As I read the transcript, I became increasingly lost in the technical side of it. But then one caller’s comment (identified as Morgan) stood out. “From the beginning of this disaster the Japanese government and the plant operators have been quoted as saying there is little risk of the situation becoming more critical, and yet that’s what has been happening with each passing day. It makes it difficult to trust anything they say, as it seems they’re not being up front with the public about the present situation. These kinds of events call for complete transparency. This is part of the reason for the rising public distrust over nuclear power.”

Too cool not to use!

I also have no intention of leaving the Bay Area despite the reality that at some point in my lifetime I will probably have to deal with an earthquake. I just hope we know where the ‘off” switch is at the nuclear plants when the earth moves.

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Alon Shalev is the author of The Accidental Activist (now available on Kindle) and A Gardener’s Tale. He is the Executive Director of the San Francisco Hillel Foundation, a non-profit that provides spiritual and social justice opportunities to Jewish students in the Bay Area. More on Alon Shalev at http://www.alonshalev.com/and on Twitter (#alonshalevsf).

When Leaders Become Human

On Friday I wrote about the decision by German Chancellor Angela Merkel and her government to rescind a recent decision to develop their nuclear power policy and instead to wean their country from such a dangerous source of energy. This U-turn was made in the wake of Japan’s crippling nuclear crises following the earthquake and subsequent tsunami.

Angela Merkel, Chancellor of Germany

My blog post soon went on to talk about the issue of nuclear power, but lost in there was the recognition of a leader who, upon seeing factors that would change her decision, decided to come out and admit that her previous decision was wrong.

I want to applaud such action and suggest that, far from suggesting that this illustrates weakness, such a leader shows credibility and a clear desire to put the welfare of her country above all.

My wife tells of how she hardly knew anything of President Clinton prior to his election victory (she was living overseas). She watched a press conference on his first day. When asked about a specific issue of foreign policy, he turned to the reporter and admitted that he didn’t know enough on the issue to discuss it. He promised to prep and have an answer ready.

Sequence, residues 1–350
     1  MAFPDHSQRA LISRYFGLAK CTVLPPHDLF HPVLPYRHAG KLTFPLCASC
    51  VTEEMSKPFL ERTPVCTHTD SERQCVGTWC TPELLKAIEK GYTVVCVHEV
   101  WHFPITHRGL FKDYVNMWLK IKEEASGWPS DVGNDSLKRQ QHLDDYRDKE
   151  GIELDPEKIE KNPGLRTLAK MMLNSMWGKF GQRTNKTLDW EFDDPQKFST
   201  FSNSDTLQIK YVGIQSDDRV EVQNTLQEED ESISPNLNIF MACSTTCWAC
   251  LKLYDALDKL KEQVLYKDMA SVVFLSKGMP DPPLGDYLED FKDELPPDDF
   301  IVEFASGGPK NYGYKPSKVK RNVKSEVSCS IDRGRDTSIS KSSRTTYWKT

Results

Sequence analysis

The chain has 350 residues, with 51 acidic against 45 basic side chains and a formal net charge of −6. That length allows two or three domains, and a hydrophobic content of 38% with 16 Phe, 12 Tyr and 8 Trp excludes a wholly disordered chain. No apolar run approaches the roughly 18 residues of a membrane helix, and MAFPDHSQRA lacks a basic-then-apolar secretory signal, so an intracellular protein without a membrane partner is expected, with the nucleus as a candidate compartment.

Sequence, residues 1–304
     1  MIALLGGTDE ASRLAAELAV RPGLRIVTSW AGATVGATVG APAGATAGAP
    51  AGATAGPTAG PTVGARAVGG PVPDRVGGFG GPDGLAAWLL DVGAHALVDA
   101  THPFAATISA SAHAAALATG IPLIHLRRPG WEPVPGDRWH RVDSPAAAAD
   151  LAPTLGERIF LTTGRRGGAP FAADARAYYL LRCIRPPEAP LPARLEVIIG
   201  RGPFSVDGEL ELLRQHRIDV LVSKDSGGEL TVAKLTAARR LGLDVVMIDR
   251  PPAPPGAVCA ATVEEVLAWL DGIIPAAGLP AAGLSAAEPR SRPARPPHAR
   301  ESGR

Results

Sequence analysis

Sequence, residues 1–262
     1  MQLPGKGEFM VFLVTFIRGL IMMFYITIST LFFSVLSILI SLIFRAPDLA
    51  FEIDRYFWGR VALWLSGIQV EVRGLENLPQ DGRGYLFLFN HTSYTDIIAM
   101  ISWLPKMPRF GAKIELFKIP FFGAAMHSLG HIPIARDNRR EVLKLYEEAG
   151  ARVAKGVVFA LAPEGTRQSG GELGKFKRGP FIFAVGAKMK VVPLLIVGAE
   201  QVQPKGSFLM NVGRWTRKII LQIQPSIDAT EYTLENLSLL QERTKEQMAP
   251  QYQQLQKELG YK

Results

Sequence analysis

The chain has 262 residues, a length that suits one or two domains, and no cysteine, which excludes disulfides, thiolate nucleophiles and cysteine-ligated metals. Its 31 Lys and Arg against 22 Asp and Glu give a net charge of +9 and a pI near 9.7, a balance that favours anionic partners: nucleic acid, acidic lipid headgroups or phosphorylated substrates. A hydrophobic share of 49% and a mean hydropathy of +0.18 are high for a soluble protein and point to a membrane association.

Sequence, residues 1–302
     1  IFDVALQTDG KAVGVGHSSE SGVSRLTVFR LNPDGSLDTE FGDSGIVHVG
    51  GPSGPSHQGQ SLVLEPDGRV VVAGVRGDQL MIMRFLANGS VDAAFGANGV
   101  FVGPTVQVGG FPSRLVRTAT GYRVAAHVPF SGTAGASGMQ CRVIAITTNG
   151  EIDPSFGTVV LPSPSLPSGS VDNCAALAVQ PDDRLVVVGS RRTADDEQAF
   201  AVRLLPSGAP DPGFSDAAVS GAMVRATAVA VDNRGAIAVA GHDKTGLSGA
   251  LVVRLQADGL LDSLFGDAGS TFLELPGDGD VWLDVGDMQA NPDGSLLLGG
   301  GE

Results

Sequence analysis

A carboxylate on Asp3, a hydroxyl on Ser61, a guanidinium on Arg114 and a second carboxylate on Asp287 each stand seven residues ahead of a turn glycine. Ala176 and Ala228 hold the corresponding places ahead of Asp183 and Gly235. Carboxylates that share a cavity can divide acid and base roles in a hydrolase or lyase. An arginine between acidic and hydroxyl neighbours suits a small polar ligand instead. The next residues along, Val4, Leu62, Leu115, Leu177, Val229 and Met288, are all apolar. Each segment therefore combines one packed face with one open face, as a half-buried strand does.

You don't need to know everything if you can play the sax!

The right-wing press enjoyed using this to suggest that he wasn’t prepared to be President. My wife, on the other hand, tells how she was impressed by his honesty.

A leader doesn’t have to get it right all the time. S/he should be able to assess  new factors and change direction just as a ship’s captain changes his route when the weather conditions dictate. Most impressive is that extra ounce of courage needed to admit it to the public and expose yourself to the media sharks.

A tip of the hat to you, Chancellor Merkel.

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Alon Shalev is the author of The Accidental Activist (now available on Kindle) and A Gardener’s Tale. He is the Executive Director of the San Francisco Hillel Foundation, a non-profit that provides spiritual and social justice opportunities to Jewish students in the Bay Area. More on Alon Shalev at http://www.alonshalev.com/and on Twitter (#alonshalevsf).

Germany Going Nuclear Free

Last month, the German government announced that it will close all the country’s nuclear power plants by 2022. While the rest of the world seems to have just accepted Japan’s nuclear disaster, Germany has declared that it will become the first major industrialized nation to go nuclear-free. Germany has the largest economy in Europe and is the second of the G8 (behind Italy) to take this step.

Are we entering the last chapter of nuclear power?

What i find impressive is that only late last year, the government had declared their intention to extend the lifespan of the country’s seventeen reactors until 2036. It completes a remarkable about-face for Chancellor Angela Merkel’s center-right government.

I want to congratulate the Chancellor for making the u-turn. There are not many politicians who are willing to stand up and say they now feel a need to change given new facts or, in this case, witnessing what has transpired in Japan. Ms. Merkel admits that the helplessness of such a technologically advanced nation in the face of the Fukushima disaster was responsible for her rethinking her nuclear policy.

“We want the electricity of the future to be safe, reliable and economically viable,” Chancellor Angela Merkel told reporters on Monday after overnight negotiations among the governing parties. “We have to follow a new path.”

About 25% of Germany’s electricity was produced by nuclear power at the beginning of the year (the same proportion as the US incidentally) with energy from solar, hydroelectric, and wind producing roughly 17% of the country’s electricity. To wean themselves from nuclear power, the German government aims to boost its share of renewable energy to around 50%.